WASHINGTON– The ONE Campaign released the following statement today in response to remarks made by US Treasury Secretary Janet Yellen during a visit to Dakar, Senegal, the first stop on her two-week, three-country trip to Africa.
“Africa will shape the future of the global economy, and the US must nurture a long-term partnership that addresses challenges and taps into the vast economic opportunities,” said Tom Hart, president of The ONE Campaign. “As part of that, the US must be laser-focused on leading solutions to address the debt crisis affecting many countries in Africa. Not only does it have drastic impacts on economies’ ability to grow, the human cost is significant. More money spent on debt servicing means less spent on health, education, and other services. If not immediately addressed, another 20 million people will be at risk of falling into extreme poverty.”
Secretary Yellen’s trip, the first cabinet-level visit since the US-Africa Leaders Summit in December, comes as many African countries teeter on the edge of an economic crisis. By all accounts – and for all economies – 2023 is not shaping up to provide much-needed relief. Inflation, food insecurity, and climate shocks continue to put pressure on economies and public finances, many of which are already struggling under the stunning weight of debt.
22 African countries are now either bankrupt or at high risk of debt distress, and African debt remains at its highest level in over a decade. With debt service consuming increasingly large proportions of budgets and revenues, a wave of defaults in the world’s most vulnerable countries could occur even faster than expected. Beyond responding to the debt crisis – an urgent priority – countries will need injections of new money and investment to help drive response and recovery.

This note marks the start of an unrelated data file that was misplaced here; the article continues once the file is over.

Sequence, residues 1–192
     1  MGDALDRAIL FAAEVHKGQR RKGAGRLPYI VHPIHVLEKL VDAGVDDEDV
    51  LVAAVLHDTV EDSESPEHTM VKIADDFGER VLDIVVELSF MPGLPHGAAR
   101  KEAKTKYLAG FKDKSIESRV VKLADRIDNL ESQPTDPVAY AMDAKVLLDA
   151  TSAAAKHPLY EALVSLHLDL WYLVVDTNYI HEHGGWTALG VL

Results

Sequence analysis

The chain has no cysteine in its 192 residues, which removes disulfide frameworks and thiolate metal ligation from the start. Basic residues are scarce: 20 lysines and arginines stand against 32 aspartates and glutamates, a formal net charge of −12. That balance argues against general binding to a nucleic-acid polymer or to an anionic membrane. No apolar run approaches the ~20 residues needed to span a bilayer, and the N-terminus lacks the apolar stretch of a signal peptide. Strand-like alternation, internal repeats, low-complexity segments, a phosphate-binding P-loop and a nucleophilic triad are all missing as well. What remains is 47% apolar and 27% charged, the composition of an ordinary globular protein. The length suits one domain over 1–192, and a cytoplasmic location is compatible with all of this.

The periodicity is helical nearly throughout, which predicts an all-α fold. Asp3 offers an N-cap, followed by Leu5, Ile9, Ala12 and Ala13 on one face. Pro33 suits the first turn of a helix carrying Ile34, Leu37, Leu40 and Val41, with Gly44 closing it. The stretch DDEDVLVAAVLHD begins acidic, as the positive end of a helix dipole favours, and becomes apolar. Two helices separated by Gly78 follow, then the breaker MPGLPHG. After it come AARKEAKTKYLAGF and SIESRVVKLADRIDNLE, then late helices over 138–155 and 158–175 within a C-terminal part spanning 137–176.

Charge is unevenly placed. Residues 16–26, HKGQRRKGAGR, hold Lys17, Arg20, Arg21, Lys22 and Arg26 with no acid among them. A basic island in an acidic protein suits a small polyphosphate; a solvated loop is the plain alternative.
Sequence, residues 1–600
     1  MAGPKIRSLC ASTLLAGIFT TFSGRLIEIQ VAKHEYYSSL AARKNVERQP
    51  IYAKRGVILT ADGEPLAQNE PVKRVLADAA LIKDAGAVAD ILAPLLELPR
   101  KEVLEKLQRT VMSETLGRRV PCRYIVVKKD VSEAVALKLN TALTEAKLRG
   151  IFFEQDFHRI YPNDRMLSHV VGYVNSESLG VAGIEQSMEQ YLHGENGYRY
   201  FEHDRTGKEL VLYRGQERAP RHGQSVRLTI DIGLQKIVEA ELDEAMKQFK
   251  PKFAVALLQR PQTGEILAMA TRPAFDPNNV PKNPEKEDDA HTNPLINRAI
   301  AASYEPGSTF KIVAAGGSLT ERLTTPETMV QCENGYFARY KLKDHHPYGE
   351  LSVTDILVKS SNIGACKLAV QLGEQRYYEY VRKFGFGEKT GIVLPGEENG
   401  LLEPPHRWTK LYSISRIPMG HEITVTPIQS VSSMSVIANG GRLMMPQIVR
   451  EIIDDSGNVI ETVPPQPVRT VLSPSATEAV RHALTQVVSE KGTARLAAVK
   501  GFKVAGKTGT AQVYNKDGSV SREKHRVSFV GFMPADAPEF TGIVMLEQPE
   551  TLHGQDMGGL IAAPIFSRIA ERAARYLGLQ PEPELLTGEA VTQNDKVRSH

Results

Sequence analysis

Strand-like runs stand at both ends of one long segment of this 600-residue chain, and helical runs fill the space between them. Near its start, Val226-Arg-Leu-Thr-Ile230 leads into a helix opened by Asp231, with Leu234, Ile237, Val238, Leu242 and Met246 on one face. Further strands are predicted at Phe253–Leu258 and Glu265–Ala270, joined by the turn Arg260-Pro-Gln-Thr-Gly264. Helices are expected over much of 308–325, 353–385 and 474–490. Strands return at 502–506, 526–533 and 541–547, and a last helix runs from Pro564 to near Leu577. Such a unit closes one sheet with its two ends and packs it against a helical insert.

Take a look at Zambia, where Secretary Yellen heads on Saturday.
- Zambia opted out of a $42.5 million eurobond repayment in 2020, becoming the first African country to default in the pandemic era. Zambia applied for relief through the Common Debt Framework, an initiative launched in the name of swift debt reworking that has yet been slow to provide relief. Zambia, one of just three African countries to utilize the Common Framework, has yet to come to an agreement.
- According to ONE’s Data Dive on the Zambian economy, the country paid an estimated US$2,945.7 million in debt service in 2022– about 34.4% of government spending.
ONE has asked the Biden administration to support reforms that would provide flexibility to financial institutions that play a key role in cushioning the blow of a debt crisis and leveraging funds for economic growth, education, health, and other needs. Those reforms include:
- Unblocking the Common Framework to incentivize countries to apply for debt relief, make the process for applying for debt relief more transparent, and bring private creditors to the table to make progress on debt relief.
- Modernizing multilateral development banks, like the World Bank, so that they are more efficient with the resources they have and can leverage up to $1 trillion in new lending without putting their triple-A credit rating at risk.